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Oklahoma Governor signs Class III compacts with two tribal casinos


Oklahoma Governor Kevin Stitt has signed new gaming compacts with the Otoe-Missouria Tribe and the Comanche Nation to allow the tribes to offer Class III games, including sports betting.

However, the state’s tribal gaming association argued that the agreement was based on an erroneous claim of “unilateral state authority”, and would therefore exacerbate an ongoing dispute between the tribes and Stitt.

The compacts last 15 years each and must be ratified by the US Department of the Interior before they may come into effect.

“This is a historic day for the State of Oklahoma and for our tribal partners who are here with me today,” Stitt said.

“As an Oklahoman and a tribal citizen, it has been my heart’s desire to provide a level playing field for all 4 million Oklahomans and to ensure meaningful opportunities for all 38 federally recognized tribes that call our state home.”

The compacts allow the tribes to offer betting on sports, including esports, at or within 1,000 feet of their facilities. Each tribe may offer wagering at no more than two facilities.

In addition, the tribes may now offer poker, roulette, slot machines, and blackjack.

The tribes’ exclusivity fees to the state at existing facilities would remain the same, at between 4.5% and 6% of revenue, but if the tribes choose to build new facilities, the fees on these would be much higher. The fees are paid monthly.

These fees would come to 8% of revenue at some facilities, up to a high of 13% for the Comanche Nation for a new facility in Love County, or 12% for the Otoe-Missouria Tribe at a new facility in Logan County.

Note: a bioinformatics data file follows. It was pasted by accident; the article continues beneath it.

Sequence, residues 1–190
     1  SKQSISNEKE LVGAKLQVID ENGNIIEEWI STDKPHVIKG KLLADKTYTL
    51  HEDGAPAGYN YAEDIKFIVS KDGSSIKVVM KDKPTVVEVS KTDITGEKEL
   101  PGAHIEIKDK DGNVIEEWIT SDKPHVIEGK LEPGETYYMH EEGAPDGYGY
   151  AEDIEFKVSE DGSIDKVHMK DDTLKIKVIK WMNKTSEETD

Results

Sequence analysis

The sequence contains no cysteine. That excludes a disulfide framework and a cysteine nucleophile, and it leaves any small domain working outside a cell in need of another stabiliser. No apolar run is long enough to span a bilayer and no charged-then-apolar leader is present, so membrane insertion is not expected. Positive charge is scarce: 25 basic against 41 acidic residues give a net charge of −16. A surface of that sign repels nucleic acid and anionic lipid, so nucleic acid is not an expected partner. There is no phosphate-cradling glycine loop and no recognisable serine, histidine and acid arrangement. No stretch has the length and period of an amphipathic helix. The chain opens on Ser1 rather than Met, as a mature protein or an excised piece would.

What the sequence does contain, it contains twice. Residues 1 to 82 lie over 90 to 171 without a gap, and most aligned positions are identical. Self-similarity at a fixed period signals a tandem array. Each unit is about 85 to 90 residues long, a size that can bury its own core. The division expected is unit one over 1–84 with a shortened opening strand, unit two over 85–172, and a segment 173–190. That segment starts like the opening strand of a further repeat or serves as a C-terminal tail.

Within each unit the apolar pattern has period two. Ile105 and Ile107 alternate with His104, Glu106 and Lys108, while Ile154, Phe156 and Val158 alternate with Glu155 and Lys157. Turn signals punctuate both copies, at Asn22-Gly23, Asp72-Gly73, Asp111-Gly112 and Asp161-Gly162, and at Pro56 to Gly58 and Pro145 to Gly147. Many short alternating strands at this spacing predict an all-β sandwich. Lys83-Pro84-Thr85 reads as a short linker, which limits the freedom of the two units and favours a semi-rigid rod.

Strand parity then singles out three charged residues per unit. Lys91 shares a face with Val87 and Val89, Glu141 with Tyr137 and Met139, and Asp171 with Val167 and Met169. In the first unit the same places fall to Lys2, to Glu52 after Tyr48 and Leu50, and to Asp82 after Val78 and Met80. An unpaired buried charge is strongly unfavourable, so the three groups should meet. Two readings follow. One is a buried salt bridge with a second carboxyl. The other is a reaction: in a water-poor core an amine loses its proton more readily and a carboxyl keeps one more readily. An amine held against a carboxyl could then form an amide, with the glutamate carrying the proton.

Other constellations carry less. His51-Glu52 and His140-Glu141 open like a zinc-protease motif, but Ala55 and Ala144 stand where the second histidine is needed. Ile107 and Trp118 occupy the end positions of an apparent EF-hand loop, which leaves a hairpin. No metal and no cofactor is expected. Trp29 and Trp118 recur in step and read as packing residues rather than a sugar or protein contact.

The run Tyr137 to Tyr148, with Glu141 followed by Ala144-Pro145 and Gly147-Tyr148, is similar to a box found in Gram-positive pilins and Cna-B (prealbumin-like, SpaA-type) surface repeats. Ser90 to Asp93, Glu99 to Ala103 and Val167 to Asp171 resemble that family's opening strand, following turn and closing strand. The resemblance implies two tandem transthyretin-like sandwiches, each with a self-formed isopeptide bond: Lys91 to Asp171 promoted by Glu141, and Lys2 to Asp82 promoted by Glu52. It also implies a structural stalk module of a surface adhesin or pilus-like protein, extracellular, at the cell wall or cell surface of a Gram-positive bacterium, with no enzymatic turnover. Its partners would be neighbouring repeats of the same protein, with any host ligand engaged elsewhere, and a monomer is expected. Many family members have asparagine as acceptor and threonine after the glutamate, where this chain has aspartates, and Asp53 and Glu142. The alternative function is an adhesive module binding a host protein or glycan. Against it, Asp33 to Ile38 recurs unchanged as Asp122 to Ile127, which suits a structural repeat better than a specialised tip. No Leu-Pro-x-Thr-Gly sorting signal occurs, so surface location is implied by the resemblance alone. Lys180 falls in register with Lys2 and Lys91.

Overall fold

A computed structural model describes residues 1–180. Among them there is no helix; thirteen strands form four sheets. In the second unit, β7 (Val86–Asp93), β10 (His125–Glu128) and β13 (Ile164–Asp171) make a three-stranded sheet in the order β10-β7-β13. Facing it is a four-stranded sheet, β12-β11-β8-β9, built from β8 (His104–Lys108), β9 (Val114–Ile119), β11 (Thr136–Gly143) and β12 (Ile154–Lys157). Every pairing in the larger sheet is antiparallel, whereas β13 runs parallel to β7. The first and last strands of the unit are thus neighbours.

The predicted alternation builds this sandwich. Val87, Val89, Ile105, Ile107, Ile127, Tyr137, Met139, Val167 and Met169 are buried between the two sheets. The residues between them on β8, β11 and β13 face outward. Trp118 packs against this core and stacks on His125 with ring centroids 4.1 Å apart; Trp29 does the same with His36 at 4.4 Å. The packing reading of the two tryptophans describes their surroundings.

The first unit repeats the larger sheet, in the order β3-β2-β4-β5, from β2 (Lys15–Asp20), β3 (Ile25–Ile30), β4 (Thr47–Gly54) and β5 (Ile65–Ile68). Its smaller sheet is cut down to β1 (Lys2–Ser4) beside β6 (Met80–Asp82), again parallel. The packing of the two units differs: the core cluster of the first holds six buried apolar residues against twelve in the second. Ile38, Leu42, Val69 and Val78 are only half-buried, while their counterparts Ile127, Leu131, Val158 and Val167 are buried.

Other new facilities may be built by the Comanche Nation in Cleveland County and Grady County and by the Otoe-Missouria Tribe in Noble County and Payne County.

Should the tribe’s annual net gaming revenue exceed $300m, these fees may be reevaluated.

These rates do not apply to exclusivity fees for wagers, which are set at 1.1% of stakes.

The Otoe-Missouria Tribe currently operates five casinos: 7 Clans Paradise Casino in Red Rock, First Council Casino and Lil’ Bit of Paradise Casino Chilocco in Newkirk, Lil’ Bit of Paradise Casino Red Rock and 7 Clans Casino Perry.

The Comanche Nation operates Comanche Nation Casino, the Comanche Red River Hotel Casino, the Comanche Star Casino and the Comanche Spur Casino, all in Comanche County.

The agreement comes against a backdrop of a dispute between Stitt and the state’s tribal operators, after the Governor claimed the tribes’ gaming compacts didn’t automatically renew on their existing terms from 2020. This prompted the tribes to sue, with a federal judge setting a May 31 deadline to reach a compromise.

The Oklahoma Indian Gaming Association’s chair Matthew Morgan said the tribes have sovereignty to take what actions it believes are necessary on behalf of its citizens.

However, he added: “All the same, Governor Stitt does not have the authority to do what he claims to have done today.

“Without the engagement of the Oklahoma Legislature, he has entered agreements based on a claim of unilateral state authority to legalize sportsbook, to revamp the Oklahoma Lottery, and to authorize new gaming facilities in Norman and Stillwater, among other places. That’s simply not the law.”

“I expect tribal and state officials are now reviewing the documents he released today and trying to understand what exactly it is Governor Stitt is trying to do,” Morgan said. “But at the end of the day, I suspect his actions have not helped matters for anyone.”